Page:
Lucy Norling
Lucy Norling (Queen Mary University of London), Senior Fellow Versus Arthritis UK
Lucy graduated in Applied and Human Biology (BSc) from Aston University, Birmingham in 2003, followed by a Masters in Research and PhD at the William Harvey Research Institute, Queen Mary University of London in 2008. Dr. Norling was then awarded a 3 year Arthritis Research UK Foundation Fellowship and spent two years training at Harvard Medical School, Boston, with the mentorship of Professor Charles Serhan. In 2012 Dr Norling attained a 5 year Arthritis Research UK Career Development Fellowship to further her studies on the role of resolvins in inflammatory arthritis. In 2019, Dr Norling was extremely fortunate to have been awarded a highly prestigious Senior Fellowship from Versus Arthritis UK to investigate how we can reprogramme immune and stromal cells within the arthritic joint to activate resolution mechanisms. Her main interest is understanding why chronic inflammatory diseases such as arthritis fail to resolve. She recently edited a Topic for Frontiers in Immunology: Resolution Pharmacology – Innovative therapeutic approaches based on the biology of resolution to control chronic diseases of western societies.
Rhys HI, Dell’Accio F, Pitzalis C, Moore A, Norling LV, Perretti M. Neutrophil Microvesicles from Healthy Control and Rheumatoid Arthritis Patients Prevent the Inflammatory Activation of Macrophages. EBioMedicine. 2018 Mar;29:60-69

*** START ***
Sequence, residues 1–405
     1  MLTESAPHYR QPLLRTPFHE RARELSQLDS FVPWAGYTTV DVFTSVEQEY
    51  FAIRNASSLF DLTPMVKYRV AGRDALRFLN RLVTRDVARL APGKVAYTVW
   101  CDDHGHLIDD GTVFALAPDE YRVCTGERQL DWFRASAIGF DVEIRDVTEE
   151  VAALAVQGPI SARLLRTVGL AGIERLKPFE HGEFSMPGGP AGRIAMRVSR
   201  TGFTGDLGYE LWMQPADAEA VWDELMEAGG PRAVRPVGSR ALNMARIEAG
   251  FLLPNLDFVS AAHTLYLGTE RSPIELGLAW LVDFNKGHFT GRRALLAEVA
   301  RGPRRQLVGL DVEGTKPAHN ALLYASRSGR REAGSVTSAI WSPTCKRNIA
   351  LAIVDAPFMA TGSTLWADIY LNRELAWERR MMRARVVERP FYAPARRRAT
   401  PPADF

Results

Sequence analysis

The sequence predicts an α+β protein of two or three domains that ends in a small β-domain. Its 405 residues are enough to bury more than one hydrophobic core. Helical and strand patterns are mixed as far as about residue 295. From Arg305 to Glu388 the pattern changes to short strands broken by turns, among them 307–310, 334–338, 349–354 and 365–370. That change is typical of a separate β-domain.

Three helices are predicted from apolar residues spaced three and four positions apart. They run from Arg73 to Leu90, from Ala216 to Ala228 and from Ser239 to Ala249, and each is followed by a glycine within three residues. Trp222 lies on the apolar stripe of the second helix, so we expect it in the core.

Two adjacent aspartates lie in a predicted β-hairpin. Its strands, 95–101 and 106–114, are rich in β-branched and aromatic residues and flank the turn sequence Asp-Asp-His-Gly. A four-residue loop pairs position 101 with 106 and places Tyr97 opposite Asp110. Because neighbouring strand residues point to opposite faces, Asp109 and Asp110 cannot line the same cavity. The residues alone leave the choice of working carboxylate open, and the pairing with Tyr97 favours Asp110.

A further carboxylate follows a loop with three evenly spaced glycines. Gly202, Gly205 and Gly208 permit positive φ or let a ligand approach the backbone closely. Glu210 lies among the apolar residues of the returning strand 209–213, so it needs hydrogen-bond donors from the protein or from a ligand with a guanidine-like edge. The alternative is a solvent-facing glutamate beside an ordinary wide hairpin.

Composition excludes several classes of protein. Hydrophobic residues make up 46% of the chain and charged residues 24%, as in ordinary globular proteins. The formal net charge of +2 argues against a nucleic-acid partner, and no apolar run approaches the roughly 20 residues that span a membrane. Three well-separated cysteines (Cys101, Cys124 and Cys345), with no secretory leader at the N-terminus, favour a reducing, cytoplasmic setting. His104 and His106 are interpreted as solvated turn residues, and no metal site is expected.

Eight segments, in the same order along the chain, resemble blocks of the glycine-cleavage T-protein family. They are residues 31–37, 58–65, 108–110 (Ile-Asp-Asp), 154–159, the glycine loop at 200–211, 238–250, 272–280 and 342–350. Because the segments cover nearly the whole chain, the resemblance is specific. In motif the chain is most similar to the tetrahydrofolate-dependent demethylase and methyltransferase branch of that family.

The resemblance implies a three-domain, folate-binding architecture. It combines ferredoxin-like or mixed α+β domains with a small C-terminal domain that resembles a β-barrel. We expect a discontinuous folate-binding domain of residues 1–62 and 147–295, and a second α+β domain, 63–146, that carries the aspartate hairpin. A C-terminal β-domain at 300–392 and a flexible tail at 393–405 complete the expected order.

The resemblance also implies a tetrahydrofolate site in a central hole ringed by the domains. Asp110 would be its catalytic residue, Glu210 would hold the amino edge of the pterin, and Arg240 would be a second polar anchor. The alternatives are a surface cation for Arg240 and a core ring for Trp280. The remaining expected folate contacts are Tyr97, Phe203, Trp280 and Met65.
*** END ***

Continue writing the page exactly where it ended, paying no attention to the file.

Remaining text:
Perretti M, Cooper D, Dalli J, Norling LV. Immune resolution mechanisms in inflammatory arthritis. Nat Rev Rheumatol. 2017 Feb;13(2):87-99
Norling LV, Headland SE, Dalli J, Arnardottir HH, Haworth O, Jones HR, Irimia D, Serhan CN, Perretti M. Proresolving and cartilage-protective actions of resolvin D1 in inflammatory arthritis. JCI Insight. 2016 Apr 21;1(5):e85922
Arnardottir HH, Dalli J, Norling LV, Colas RA, Perretti M, Serhan CN. Resolvin D3 Is Dysregulated in Arthritis and Reduces Arthritic Inflammation. J Immunol. 2016 Sep 15;197(6):2362-8
Headland SE, Jones HR, Norling LV, Kim A, Souza PR, Corsiero E, Gil CD, Nerviani A, Dell’Accio F, Pitzalis C, Oliani SM, Jan LY, Perretti M. Neutrophil-derived microvesicles enter cartilage and protect the joint in inflammatory arthritis. Science Translational Medicine 2015, Nov 25;7(315):315ra190